This year, Lowy Institute researchers used Pacific Aid Map data among other sources to ascertain how much aid has been spent on gender equality initiatives in the Pacific between 2008 and 2020, from all donors, including non-traditional ones, Taiwan and China.
Gender equality is not just a development priority for donor countries driving the agenda – it is a target in the 2050 Strategy for the Blue Pacific Continent, a vision set out by the Pacific Islands Forum members for a more prosperous and stable Pacific Islands region.
China and Taiwan’s investments were a particular interest given the relative lack of transparency around these programs when contrasted with those reporting to the Organisation for Cooperation and Economic Development. China is known to focus on infrastructure and security, while Taiwan remains a significant donor in the few Pacific nations that continue to diplomatically recognise it, investing in agriculture, health and industry.
But less well understood is to what extent aid from China or Taiwan is geared towards gender equality initiatives.
Our research found that, while China’s Pacific aid is currently on the decline, and both China and Taiwan’s aid is becoming more strategically pinpointed, women did receive some assistance. But the programs are minimal. As an example, China donated hundreds of sewing machines to Samoan women, potentially providing a boost to Samoan women’s economic empowerment.
Taiwan concentrated most of its women-related aid to Kiribati women’s centres before Kiribati switched diplomatic ties to China in 2019. After the switch, Taiwan did not provide any aid for women, and with China now taking the lead there, it doesn’t appear to be picking up the bill. Only one Taiwan women’s initiative was financed elsewhere, in Palau – still diplomatically aligned to Taiwan. But noting that Taiwan devotes much of its aid to agriculture, there is potential for it to be advancing women. More clarity on the flows of funds would help to assign credit where credit is due to this development partner.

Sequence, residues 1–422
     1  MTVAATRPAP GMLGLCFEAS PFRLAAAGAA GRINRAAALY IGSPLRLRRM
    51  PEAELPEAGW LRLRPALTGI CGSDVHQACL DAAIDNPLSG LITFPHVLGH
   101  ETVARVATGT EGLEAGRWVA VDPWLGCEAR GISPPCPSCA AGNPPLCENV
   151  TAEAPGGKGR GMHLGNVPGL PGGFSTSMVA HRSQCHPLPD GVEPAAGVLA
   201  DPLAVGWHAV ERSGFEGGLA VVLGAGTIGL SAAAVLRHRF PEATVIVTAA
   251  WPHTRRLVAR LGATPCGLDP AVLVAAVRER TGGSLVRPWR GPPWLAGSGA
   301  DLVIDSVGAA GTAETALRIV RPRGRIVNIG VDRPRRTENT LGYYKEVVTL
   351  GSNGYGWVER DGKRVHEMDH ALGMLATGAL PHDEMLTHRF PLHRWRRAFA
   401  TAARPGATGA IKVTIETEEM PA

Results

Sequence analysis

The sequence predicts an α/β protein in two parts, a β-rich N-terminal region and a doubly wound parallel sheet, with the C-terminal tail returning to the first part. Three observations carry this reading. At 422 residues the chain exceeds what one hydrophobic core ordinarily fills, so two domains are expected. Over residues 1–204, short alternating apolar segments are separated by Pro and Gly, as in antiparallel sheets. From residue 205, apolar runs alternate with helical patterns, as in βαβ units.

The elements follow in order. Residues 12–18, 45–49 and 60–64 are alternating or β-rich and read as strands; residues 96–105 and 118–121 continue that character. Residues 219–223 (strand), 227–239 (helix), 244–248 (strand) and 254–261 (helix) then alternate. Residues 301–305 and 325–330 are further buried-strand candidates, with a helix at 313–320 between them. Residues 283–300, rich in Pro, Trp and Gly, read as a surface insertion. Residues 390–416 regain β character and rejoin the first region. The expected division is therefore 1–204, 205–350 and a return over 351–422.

In comparison to Australia’s contribution, China and Taiwan make a negligible investment in gender programs in the Pacific.
Looking closer at the numbers, between 2008 and 2020, we can gather from the available evidence that China’s total gender financing to the Pacific Islands region was US$410,000. Out of a total $3.1 billion, it’s small fry (0.01 per cent). Again, after evaluating available evidence, Taiwan spent US$354,000 on gender equality investments out of a total $494 million. At 0.07 per cent of all Taiwan’s Pacific aid, it fares little better than China.
In comparison to Australia’s contribution, China and Taiwan make a negligible investment in gender programs in the Pacific. Over the same period, Australia spent nearly US$5.5 billion. Around 40 per cent of its aid has at least some objectives to transform gender equality, and that percentage is set to rise with targets and policy commitments aiming for more gender equality objectives across Australia’s foreign aid program.
More financing for women is needed in the Pacific. UN Women notes that nearly seven out of ten Pacific women have experienced violence by a partner. Violence in the Pacific is twice the global average. And rates of female political participation as MPs across the region remain dismally low.
While geopolitical tussles play out, it is unfortunate that I-Kiribati women centres have been disadvantaged by the diplomatic withdrawal of Taiwan, while China looks to spend money on infrastructure and airstrips and the needs of I-Kiribati women remain unchanged.
More pressure must be applied to non-traditional donors (i.e., China and Taiwan) seeking to be preferred partners in the Pacific, to pay more attention to development priorities beyond infrastructure. Because advancing women in the Pacific is an imperative for the future security of the region.